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Scott Ebenhardt - Diabetes Canada. Toronto, ON, CA

Scott Ebenhardt Scott Ebenhardt

National Business Development Director | Diabetes Canada

Toronto, ON, CANADA

Scott Ebenhardt is the National Business Development Director at Diabetes Canada.



Scott Ebenhardt is the National Business Development Director at Diabetes Canada’s National Diabetes Trust (NDT) Clothesline program. He has an extensive background in sales, marketing and business development, having grown revenues at for-profit companies before joining the NDT and Clothesline team in 2013.

In 1993, Scott founded Coed Sportswear Canada, which he developed into a multi-million dollar supplier of licensed lifestyle/athletic apparel before selling the company in 2001. He brings his talent for sales and business development to the non-profit sector, adapting tools from the for-profit market to fit with the goals and values of the National Diabetes Trust.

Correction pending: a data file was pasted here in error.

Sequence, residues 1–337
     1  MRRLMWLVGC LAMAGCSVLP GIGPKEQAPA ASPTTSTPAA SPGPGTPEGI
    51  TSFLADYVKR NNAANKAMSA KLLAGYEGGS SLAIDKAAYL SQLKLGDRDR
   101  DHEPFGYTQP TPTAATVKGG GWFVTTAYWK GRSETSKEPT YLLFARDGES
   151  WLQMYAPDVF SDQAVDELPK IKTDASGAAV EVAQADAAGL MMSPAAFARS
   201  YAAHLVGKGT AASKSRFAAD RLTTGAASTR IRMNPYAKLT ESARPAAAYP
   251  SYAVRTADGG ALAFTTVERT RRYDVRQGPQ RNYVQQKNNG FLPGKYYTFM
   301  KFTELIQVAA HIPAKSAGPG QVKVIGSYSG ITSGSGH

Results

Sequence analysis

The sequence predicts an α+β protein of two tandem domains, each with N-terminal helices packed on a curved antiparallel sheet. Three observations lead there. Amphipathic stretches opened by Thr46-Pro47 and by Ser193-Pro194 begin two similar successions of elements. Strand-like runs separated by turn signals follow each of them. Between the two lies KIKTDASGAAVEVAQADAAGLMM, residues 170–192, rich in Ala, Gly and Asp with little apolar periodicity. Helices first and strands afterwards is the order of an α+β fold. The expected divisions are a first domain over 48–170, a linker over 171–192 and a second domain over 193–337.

As part of the NDT team, Scott is responsible for overall revenue growth. While current activities have focused on Clothesline growth, new revenue streams are being added to diversify the NDT portfolio and strengthen NDT’s position as a leading Social Enterprise in the health charity space.

Industry Expertise (4)

Business Services

Program Development



Areas of Expertise (7)

Dropbox Programs

Clothesline Program

New Business Development

Sales Management

Product Development



Education (1)

McMaster University: B.A., Economics

Media Appearances (2)

Donation bin issues under review by city

Guelph Tribune  online


“We will attend all meetings that relate to a municipality’s decision to change or add a clothing donation box bylaw, as the revenue from these donations is extremely important,” the association’s national business development director, Scott Ebenhardt, said in an email...

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Should Clarington allow used clothing donation bins?

DurhamRegion.com  online


“The zoning bylaw as it stands does not permit us to have these clothing donation drop-off boxes,” Scott Ebenhardt, from the National Diabetes Trust national office, told council on Monday, Nov. 25. Removing the four bins would mean an annual loss of $30,000, he said. “Obviously that money is very important to the Canadian Diabetes Association, because it affects our research and our programs.”...

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